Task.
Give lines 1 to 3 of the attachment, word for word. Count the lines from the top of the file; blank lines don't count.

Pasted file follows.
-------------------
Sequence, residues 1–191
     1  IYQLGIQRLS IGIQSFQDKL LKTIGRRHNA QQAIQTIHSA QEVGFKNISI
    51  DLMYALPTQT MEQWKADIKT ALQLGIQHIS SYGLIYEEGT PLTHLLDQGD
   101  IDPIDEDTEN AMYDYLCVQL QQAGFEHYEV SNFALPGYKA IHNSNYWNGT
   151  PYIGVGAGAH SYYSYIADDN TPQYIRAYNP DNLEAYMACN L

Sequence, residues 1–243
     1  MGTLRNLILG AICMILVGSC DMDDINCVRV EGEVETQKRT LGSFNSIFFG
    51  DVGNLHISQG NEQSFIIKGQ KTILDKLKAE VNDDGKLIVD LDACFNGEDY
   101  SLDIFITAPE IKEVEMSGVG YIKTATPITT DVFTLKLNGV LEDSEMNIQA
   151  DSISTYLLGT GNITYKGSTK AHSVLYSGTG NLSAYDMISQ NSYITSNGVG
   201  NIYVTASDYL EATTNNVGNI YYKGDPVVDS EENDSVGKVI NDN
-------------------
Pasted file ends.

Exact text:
Sequence, residues 1–191
     1  IYQLGIQRLS IGIQSFQDKL LKTIGRRHNA QQAIQTIHSA QEVGFKNISI
    51  DLMYALPTQT MEQWKADIKT ALQLGIQHIS SYGLIYEEGT PLTHLLDQGD